Asian Football Confederation (AFC) president Mohamed bin Hammam has denied reports stating that he has agreed to back the Spain-Portugal bid for the right to host the 2018 World Cup.
Spanish newspaper Marca quoted the Asian football chief as saying he would give the Iberian bid his support when FIFA's executive committee gathers on December 2 in return for their backing for Qatar's bid to host the 2022 World Cup.
In a message to supporters on his official website, bin Hammam insisted he has never publicly supported one bid stating: "A Spanish newspaper, called Marca, which I have never heard of, completely fabricated an interview with me, pretending that Asia and I will support Spain's bid."
Support from Asia would be a setback for England's own ambitions to hold the tournament with Conmebol general secretary Eduardo Deluca having confirmed last Wednesday that Latin America's three votes would go to the Spain-Portugal bid, meaning they would potentially have seven guaranteed votes for Thursday's poll in Zurich.
However, bin Hammam continued: "The Asian Executive Committee had taken a decision to support Europe in 2018. However, no decision was taken to back any one country. We agreed to give the four Asian members the freedom to select the country that they deem appropriate."
Bin Hammam also claimed the newspaper article was part of a "hidden war" to derail Qatar's 2022 World Cup bid.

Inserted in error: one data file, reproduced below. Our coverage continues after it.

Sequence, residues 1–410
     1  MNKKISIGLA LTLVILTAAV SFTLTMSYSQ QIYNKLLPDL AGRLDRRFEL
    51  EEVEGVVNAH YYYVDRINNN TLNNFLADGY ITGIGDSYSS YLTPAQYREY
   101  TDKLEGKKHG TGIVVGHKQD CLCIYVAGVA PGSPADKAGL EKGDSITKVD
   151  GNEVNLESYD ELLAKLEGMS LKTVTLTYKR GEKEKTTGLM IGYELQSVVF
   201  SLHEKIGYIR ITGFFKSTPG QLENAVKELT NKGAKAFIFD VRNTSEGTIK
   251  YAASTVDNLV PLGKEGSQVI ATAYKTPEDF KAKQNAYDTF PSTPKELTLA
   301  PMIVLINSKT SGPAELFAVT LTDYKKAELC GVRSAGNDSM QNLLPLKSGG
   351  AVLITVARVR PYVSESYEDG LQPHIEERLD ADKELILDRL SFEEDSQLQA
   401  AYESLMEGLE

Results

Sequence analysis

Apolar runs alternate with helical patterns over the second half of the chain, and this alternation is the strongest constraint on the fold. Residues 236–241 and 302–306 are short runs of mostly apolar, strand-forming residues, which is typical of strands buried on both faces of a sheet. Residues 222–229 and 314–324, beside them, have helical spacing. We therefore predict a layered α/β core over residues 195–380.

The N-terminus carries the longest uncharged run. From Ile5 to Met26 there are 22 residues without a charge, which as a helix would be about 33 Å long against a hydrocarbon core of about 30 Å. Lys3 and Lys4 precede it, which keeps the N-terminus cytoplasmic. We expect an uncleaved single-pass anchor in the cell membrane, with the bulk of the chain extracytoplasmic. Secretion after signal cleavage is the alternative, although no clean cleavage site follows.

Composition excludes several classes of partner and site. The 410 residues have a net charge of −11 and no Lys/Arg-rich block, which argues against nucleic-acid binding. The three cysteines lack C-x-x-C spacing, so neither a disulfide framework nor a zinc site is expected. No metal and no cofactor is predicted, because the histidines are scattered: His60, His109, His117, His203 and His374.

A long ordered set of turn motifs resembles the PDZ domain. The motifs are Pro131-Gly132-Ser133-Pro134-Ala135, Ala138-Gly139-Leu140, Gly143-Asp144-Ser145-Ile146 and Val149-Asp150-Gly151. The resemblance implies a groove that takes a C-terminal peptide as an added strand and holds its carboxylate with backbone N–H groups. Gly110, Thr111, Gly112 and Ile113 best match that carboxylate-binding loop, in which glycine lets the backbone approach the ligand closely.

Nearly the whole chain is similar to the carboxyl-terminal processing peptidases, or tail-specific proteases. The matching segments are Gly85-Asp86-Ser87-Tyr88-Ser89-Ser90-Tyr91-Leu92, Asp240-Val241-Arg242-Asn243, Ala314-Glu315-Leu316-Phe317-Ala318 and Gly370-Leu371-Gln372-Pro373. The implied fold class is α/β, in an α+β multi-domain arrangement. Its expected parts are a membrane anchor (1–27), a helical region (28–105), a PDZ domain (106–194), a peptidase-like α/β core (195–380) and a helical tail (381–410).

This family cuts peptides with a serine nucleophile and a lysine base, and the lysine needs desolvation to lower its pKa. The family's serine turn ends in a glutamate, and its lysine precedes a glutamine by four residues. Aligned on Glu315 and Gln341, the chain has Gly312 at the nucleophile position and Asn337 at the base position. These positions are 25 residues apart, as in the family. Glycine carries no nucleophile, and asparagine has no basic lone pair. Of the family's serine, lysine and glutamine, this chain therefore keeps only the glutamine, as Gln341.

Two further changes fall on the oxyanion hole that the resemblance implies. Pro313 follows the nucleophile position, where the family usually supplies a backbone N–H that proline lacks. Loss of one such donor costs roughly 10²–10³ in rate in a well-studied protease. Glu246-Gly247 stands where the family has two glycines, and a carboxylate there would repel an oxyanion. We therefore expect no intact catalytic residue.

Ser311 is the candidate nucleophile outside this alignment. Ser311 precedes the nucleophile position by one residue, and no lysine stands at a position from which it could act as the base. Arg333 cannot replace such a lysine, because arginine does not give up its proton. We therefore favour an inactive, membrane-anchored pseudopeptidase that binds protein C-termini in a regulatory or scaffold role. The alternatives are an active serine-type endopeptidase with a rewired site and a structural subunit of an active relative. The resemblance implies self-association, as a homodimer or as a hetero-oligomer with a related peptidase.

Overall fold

A report last week by FIFA's technical evaluation team claimed the country's desert heat could jeopardise the health of fans and players while the organisation's ethics committee cleared the bid committees of the Qatar and Spain-Portugal of a vote-trading deal.
And bin Hammam is expecting Qatar's bid to come up against further challenges, adding: "I did warn you that your noble cause to host the World Cup 2022 will face some unethical resistance.
"So far, with the blessings of God Almighty and those who believe in your vision, you have managed to overcome with great success, the accusations of collusion, the potential postponement of voting for 2022, the so-called challenges of weather, size and so many other things.
"But as I have warned you before, you should expect more of this hidden war against your bid and you should not exclude that the worse part of it may be yet to come."